In the Southern Hemisphere, you can still catch Gemini low to the northwest as the sky gets dark, plus the brightest star in the sky, Sirius, further to its south. Over in the southeast, the prominent constellation of Scorpius is rising. Crux, the Southern Cross, is at its highest, above the south celestial pole followed by the bright stars Alpha and Beta Centauri.
The planets in June 2021
Mercury was sinking rapidly back towards the Sun in the evening sky as May ended, following an excellent apparition for astronomers at northern latitudes. This month it will be lost from view as it heads between the Earth and the Sun, reaching Inferior Conjunction on 11 June. Mercury then moves into the morning sky, though this will be an appearance better suited to southern hemisphere observers, who can expect to see the planet rise a few degrees above the north eastern horizon in the final week of the month, shining at around first magnitude.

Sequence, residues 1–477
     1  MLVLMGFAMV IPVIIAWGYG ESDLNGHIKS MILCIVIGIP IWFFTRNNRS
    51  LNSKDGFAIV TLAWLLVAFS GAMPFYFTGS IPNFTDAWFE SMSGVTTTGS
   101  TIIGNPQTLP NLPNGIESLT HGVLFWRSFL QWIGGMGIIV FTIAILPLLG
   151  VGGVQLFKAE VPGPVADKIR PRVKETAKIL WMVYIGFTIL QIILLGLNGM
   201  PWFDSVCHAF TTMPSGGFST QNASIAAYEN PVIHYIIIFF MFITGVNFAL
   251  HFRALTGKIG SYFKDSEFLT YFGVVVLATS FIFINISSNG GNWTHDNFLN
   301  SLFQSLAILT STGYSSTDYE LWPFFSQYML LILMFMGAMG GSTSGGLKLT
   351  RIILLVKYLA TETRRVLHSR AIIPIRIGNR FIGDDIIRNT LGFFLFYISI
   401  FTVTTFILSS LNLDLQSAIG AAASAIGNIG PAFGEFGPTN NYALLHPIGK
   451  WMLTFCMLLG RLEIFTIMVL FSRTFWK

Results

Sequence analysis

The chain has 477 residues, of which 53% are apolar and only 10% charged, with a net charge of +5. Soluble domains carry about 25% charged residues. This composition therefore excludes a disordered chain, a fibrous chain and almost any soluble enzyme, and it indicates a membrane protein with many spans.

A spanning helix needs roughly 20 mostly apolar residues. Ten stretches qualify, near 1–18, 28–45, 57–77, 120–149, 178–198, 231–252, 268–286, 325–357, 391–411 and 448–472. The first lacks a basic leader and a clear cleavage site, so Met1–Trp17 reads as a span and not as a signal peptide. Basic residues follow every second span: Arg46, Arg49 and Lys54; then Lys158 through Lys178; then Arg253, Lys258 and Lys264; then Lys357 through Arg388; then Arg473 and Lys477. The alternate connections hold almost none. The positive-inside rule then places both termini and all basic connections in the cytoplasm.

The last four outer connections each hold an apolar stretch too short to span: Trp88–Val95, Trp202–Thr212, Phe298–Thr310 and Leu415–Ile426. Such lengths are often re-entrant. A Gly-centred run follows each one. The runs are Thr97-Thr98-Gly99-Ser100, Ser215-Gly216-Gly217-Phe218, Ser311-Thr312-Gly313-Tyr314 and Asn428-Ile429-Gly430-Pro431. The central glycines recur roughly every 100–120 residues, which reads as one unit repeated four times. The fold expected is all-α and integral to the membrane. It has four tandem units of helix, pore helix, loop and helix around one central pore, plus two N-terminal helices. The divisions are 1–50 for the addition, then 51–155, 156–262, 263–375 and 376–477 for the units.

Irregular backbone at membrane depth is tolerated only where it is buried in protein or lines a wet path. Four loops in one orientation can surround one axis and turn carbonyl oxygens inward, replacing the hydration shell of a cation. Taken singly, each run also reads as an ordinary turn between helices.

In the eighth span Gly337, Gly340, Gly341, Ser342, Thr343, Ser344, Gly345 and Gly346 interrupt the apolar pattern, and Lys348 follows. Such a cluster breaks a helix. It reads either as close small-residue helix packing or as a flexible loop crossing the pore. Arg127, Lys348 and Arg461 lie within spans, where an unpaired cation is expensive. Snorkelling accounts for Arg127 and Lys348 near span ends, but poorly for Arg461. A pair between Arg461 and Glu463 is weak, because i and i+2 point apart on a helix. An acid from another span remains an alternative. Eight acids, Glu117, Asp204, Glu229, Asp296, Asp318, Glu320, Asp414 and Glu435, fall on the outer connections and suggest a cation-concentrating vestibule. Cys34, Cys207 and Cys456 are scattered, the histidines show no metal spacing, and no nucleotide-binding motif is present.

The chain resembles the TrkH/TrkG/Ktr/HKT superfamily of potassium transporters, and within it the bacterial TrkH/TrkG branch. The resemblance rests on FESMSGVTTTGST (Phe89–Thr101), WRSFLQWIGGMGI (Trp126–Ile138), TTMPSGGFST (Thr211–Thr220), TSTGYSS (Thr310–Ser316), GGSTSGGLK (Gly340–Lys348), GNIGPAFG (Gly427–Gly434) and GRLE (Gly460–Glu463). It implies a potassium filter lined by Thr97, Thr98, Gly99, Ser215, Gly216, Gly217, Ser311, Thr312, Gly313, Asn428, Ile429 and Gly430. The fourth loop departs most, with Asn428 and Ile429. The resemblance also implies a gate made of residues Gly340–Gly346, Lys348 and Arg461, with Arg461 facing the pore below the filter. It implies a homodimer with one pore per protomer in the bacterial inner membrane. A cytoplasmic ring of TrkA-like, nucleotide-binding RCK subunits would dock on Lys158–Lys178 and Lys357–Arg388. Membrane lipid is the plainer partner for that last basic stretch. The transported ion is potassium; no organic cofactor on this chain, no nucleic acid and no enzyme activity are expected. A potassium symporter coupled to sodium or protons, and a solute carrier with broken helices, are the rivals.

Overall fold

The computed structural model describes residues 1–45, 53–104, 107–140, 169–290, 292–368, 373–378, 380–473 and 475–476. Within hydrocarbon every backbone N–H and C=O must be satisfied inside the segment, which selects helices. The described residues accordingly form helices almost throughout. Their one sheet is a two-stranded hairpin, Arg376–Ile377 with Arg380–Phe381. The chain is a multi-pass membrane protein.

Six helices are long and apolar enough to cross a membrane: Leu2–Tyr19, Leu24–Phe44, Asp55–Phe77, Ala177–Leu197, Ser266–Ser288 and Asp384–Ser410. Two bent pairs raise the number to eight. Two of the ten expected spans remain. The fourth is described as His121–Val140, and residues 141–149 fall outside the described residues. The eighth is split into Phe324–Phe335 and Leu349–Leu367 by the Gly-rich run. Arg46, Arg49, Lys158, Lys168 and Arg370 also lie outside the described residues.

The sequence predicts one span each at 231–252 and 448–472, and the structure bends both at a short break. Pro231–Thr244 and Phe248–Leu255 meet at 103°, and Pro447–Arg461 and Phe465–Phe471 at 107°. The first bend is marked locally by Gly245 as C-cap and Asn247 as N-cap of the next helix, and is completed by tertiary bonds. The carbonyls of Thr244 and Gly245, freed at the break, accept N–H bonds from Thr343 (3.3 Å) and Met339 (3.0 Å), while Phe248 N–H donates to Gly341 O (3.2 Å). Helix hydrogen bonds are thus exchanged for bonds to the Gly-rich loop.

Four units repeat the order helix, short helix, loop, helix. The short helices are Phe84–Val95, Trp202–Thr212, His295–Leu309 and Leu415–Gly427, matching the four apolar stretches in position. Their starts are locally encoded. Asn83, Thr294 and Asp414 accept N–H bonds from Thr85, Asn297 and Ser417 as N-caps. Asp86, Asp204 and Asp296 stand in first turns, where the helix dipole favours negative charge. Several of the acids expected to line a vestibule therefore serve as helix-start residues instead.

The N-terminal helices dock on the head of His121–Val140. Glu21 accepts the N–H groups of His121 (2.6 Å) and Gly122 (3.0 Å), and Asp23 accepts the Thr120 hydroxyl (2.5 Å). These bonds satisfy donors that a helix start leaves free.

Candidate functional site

Venus is in the evening sky, though the angle of its orbit to the horizon is shallow, meaning it doesn’t get very high for northern hemisphere observers. Despite its brightness at magnitude -3.8, it will be hidden by any hills, buildings or horizon cloud. Viewing conditions are quite different from southern latitudes, from where Venus will climb high in the evening sky as June progresses, making it a dazzling spectacle as daylight fades. Through a telescope, Venus shows a gibbous phase throughout the month. We have a special article about this apparition of Venus, and how it will appear during 2021.
Mars is hanging on in the evening sky, racing eastwards from night to night, though the Sun will eventually catch up with it! Mars moves from the constellation of Gemini into Cancer on the 8th. It is still not difficult to spot in the evening sky, though much faded from its bright opposition showing last October. It now shines at just 1.7 at the start of June and 1.8 by month’s end. The crescent Moon will lie close by on the 13th.